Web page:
West Virginia’s state and federal Republican leaders are ready to repeal health care and environmental regulations as the party nears takeover of the White House, Congress, the state Legislature and a majority of the statewide elected offices.
At the top of the Republicans’ list of targets is the Affordable Care Act — commonly referred to as Obamacare — along with environmental rules regulating coal mining and the pollutants that result from burning coal and disposing of the remaining ash.
Sen. Shelley Moore Capito said Monday in Charleston that a vote to repeal the ACA would be an immediate priority, but she admitted that developing a Republican replacement to President Barack Obama’s signature health care law that gave millions of people health insurance for the first time could take longer.
“We will repeal Obamacare in the first 30 days,” Capito said. “Well, we’ll set it in motion in January, and then we will have a transition and we will move to a replacement vehicle.
“Obamacare is going to fold under its own weight anyway, and it needs to be fixed,” Capito added.
Capito and other Republican lawmakers have suggested they will keep some of the most popular portions of that law, like the requirement that insurance companies cover people with pre-existing health conditions, but it remains unclear if that portion of the law can exist without the mandate that all people purchase some form of insurance.
Capito and the state’s growing list of Republican leaders held a news conference Monday to denounce Obama’s policies and to call for the immediate repeal of many of the laws and executive orders the president put in place over the past eight years.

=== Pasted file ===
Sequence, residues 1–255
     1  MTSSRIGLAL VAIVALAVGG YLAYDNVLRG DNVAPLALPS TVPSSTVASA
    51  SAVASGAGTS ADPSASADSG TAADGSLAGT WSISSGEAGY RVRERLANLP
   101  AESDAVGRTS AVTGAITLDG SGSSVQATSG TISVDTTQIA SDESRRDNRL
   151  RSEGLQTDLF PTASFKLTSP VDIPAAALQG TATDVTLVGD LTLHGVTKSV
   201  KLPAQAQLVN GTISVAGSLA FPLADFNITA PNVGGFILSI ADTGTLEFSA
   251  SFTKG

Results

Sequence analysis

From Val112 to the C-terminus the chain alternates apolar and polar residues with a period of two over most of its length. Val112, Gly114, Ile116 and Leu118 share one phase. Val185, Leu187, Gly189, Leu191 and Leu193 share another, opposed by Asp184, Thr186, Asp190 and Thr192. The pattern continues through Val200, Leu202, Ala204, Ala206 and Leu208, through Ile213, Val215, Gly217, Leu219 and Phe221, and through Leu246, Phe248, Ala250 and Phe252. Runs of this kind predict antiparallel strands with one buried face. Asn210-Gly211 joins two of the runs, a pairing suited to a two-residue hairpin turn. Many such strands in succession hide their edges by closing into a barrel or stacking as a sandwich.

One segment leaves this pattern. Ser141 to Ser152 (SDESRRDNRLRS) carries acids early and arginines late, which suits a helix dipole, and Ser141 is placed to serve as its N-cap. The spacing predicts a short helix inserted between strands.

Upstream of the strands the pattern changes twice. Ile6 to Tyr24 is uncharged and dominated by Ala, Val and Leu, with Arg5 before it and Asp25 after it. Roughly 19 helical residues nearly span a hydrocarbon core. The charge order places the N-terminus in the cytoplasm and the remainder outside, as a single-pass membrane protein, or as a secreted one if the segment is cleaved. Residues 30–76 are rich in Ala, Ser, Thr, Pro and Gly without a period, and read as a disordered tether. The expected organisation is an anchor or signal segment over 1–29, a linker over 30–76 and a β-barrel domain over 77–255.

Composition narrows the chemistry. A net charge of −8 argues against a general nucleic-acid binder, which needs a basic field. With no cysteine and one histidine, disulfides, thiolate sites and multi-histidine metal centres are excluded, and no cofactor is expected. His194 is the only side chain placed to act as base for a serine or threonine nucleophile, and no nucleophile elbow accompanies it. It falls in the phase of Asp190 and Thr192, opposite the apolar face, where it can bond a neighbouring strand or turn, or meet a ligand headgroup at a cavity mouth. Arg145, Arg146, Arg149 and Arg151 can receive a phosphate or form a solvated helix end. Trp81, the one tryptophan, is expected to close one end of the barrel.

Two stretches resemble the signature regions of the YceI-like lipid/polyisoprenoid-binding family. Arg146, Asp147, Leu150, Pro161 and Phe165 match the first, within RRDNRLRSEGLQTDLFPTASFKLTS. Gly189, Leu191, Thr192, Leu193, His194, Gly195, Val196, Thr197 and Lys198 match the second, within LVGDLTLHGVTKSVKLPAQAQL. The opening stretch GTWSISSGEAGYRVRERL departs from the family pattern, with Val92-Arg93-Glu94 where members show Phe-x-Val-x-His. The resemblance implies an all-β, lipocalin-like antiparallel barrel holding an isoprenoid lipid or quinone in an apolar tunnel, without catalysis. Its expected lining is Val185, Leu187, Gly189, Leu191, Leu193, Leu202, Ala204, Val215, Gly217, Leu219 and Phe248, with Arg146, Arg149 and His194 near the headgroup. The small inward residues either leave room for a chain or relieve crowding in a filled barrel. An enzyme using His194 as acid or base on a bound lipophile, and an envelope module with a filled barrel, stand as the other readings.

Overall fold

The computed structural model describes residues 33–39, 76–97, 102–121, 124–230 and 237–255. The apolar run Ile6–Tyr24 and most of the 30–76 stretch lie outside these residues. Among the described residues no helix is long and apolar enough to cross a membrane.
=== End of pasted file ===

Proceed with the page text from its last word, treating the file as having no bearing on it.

West Virginia’s three Republican congressmen — Rep. David McKinley, Rep. Alex Mooney and Rep. Evan Jenkins — also were in attendance, as was Attorney General Patrick Morrisey, West Virginia House Speaker Tim Armstead, Auditor-elect JB McCuskey, Agriculture Commissioner-elect Kent Leonhardt and Secretary of State-elect Mac Warner.
The gathering was somewhat of a victory lap for the West Virginia Republican Party, which has continued to gain political power through recent elections as the electorate has empowered a party that, for decades, operated in the minority.
McKinley, who is chairman of the congressional coal caucus, said his focus will be on ending a long-awaited stream protection rule from the federal Office of Surface Mining Reclamation and Enforcement that would require mining companies to conduct more stream monitoring and to pay for more environmental restoration.
Environmental groups have criticized the stream protection rule for not banning mining activities within 100 feet of streams.
“That would be priority number one, rolling that provision back,” McKinley said. “The stream protection rule has to be stopped, because that would curtail most coal mining in this country.”
McKinley also listed the rollback of rules on coal ash from power plants and a bill to save unionized miners’ pensions and health care benefits as some of his top objectives.
“Those are the top three issues that we think are going to affect the lives of people in West Virginia,” McKinley said.
Morrisey and Capito discussed the various avenues Republicans might take to do away with the Clean Power Plan, which was key to Obama’s effort to combat human-induced climate change by reducing the amount of greenhouse gases being released from power plants.
“I’m cautiously optimistic that we can start to hear some really positive things shortly after President Trump takes office,” Morrisey said.
At the state level, Armstead said he is looking forward to “unraveling some of this overreach from Washington,” which he said has “had tentacles into the state of West Virginia and the state government.”
“I think the new administration will give us some tremendous opportunities to be able to move forward,” Armstead said.
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